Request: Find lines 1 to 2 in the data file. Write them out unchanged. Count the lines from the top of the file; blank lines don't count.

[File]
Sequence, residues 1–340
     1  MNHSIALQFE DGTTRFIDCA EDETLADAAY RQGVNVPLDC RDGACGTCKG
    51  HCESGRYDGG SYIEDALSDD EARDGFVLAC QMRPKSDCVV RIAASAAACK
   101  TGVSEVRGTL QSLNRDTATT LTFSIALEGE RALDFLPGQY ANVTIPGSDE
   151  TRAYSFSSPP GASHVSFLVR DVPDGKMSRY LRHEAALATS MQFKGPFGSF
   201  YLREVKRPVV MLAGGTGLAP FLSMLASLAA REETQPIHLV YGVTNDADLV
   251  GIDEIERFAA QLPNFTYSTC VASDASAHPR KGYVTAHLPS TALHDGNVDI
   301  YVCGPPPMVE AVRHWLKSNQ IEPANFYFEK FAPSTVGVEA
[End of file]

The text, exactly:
Sequence, residues 1–340
     1  MNHSIALQFE DGTTRFIDCA EDETLADAAY RQGVNVPLDC RDGACGTCKG